Sushi is probably the most famous Japanese dish in the world. During the last ten years, there has been a boom of Japanese cuisine worldwide, and sushi restaurants have popped up pretty much everywhere, with variable quality.
Eating good sushi in Japan is easy. Japanese people love good food and they are very picky about the quality of the ingredients and the skills of the chefs who are respected craftsmen. In Japan it actually takes many years before becoming a real sushi chef!
But did you know you can learn the true basics of sushi making while you are in Japan?
Kazuki is a real sushi chef, owner of several sushi restaurants in Tokyo. A few months ago, he decided to open small group classes right in his main restaurant ‘Yachiyo’ in Arakicho (in the center of Tokyo). I heard he was very committed to making travelers discover how to make sushis, so I decided to join the experience.
Being very clumsy and knowing the difficulty of making good sushis, I was quite anxious when I arrived, but Kazuki’s warm welcome and humor immediately helped dissipate my nervousness. Here is a little overview of a typical sushi making course.
Quality teaching by a real sushi master
The class starts by putting on sushi chef hats, which really helps getting in the mood and breaks the ice with the other members. Hygiene is also taken very seriously (we had to wash our hands, use alcohol, and plastic gloves).
During the class, you learn how to make five different kinds of sushi: the famous nigirizushi (a ball of rice with fish on top), makizushi (rolled sushi) but also more difficult and less known ones.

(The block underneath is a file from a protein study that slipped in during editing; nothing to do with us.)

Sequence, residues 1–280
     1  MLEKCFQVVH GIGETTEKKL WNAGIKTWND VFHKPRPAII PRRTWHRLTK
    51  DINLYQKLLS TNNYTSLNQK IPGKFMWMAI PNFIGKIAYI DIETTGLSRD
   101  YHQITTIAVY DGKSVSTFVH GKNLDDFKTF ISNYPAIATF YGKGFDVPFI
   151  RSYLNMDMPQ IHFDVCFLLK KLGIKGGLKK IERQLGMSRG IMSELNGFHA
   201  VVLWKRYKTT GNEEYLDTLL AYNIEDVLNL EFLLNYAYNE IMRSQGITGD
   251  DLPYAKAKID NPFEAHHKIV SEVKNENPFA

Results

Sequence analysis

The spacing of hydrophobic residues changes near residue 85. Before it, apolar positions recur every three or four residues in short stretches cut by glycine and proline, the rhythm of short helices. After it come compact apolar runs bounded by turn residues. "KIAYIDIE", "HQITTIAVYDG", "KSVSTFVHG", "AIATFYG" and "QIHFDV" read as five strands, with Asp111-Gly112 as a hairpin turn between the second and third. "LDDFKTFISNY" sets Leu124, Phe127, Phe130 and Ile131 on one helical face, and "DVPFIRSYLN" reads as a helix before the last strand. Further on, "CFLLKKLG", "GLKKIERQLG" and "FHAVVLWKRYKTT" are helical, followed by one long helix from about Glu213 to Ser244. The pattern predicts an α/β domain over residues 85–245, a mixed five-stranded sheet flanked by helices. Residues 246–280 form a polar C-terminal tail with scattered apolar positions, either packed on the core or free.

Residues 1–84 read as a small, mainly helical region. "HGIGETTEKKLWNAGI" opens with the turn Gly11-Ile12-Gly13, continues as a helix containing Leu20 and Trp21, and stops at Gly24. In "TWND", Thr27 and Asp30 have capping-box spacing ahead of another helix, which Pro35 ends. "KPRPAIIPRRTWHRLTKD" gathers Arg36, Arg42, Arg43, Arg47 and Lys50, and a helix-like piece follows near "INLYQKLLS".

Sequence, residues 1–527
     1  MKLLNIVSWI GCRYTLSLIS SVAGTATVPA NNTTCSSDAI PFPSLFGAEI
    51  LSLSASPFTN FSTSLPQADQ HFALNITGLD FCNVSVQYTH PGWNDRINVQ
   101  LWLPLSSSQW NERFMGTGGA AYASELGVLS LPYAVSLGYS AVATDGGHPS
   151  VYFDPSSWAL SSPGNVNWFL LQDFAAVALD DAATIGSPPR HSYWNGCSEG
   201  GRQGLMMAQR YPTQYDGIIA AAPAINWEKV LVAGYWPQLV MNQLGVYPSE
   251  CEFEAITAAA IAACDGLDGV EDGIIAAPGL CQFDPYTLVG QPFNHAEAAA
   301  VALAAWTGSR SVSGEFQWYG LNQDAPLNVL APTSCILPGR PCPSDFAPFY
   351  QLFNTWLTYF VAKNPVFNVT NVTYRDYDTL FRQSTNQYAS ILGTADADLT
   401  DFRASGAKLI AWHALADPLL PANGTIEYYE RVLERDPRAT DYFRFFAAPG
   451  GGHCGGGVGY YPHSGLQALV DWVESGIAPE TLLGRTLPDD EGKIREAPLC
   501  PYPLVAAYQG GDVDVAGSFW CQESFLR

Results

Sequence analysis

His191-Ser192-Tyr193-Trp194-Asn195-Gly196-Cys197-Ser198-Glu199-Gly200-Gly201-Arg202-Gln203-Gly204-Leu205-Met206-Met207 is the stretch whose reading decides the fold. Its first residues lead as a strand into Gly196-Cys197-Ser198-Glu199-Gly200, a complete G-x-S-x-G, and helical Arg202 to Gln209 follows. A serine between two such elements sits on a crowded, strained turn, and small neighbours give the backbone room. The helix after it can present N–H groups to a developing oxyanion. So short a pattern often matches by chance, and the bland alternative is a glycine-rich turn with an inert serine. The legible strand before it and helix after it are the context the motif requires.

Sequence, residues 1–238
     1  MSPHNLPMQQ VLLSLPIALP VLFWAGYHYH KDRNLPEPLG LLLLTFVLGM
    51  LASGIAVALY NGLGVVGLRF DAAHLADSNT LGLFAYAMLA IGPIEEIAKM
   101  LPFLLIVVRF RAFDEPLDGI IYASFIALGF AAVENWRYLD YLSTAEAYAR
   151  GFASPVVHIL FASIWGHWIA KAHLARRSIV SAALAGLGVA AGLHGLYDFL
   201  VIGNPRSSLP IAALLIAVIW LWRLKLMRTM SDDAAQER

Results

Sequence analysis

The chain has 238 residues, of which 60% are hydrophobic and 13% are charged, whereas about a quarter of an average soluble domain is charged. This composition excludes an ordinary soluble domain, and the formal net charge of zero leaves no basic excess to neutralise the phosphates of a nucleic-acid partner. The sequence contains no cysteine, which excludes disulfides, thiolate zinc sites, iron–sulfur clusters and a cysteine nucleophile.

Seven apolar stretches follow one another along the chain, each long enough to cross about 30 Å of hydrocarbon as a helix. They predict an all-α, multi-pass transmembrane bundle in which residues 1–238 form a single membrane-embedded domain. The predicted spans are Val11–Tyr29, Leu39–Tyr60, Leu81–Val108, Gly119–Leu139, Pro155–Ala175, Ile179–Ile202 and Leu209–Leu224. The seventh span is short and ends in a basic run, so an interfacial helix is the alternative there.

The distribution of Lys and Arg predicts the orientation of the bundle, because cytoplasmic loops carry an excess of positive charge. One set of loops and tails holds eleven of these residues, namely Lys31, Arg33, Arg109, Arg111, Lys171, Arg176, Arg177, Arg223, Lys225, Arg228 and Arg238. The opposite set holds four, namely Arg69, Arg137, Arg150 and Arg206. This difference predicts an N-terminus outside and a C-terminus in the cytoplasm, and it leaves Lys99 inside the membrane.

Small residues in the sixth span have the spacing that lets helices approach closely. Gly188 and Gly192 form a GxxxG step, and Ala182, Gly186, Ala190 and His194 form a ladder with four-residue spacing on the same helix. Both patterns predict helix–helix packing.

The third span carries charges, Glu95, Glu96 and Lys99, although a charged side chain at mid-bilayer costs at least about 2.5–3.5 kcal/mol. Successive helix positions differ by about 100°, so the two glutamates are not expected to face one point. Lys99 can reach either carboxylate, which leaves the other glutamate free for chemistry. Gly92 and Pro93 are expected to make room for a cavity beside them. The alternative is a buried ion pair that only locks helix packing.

You can experience many aspects of making sushi: what parts of your hand to use, the right amount of rice for each sushi type, how to press the rice, how to hold and roll the seaweed, etc… It may seem like a lot of things to do in a short time, but the class pace is tuned so that no one felt overwhelmed (in my group there was an 80-year-old grandma and she really seemed to have a great time) !
I had a second realization that making sushi really is serious business. There is a correct and a wrong way to do practically everything. Making five different kinds of sushi felt a little challenging. Fortunately, Kazuki is a great teacher. His explanation is very easy to understand, and he will show you every move and every step from various angles. The average group being of about 6 people, Kazuki also has plenty of time to check on your progression and help you correct your sushi if needed (this is important considering the sushi you make… will be your lunch!). Kazuki speaks good English so he will also answer any question you have about sushi, and on top of that he’s a funny guy.
Good lunch and good experience
In the end, I was amazed that my sushi plate did look like a real sushi plate, even if it could not be compared with Kazuki’s own plate! And they actually tasted very good, not thanks to my poor skills, but to the chef’s careful guiding and to the quality of the ingredients. The quantity of sushi was just right for lunch and we also got miso soup and freshly made tempura (deep fried fish and vegetables). I would add a little bonus points for the matcha salt (salt mixed with green tea powder) in which we dipped our tempura which I had for the first time.
Overall, I had a very good time during this class and I felt I learnt a lot of things. The price is very reasonable considering it includes lunch and that learning how to make sushi from a real sushi chef is still quite rare hence valuable.
At the end of the class, we received the recipe for how to make sushi rice at home. It’s a good thing because the class made me want to make it again at home, maybe with some friends!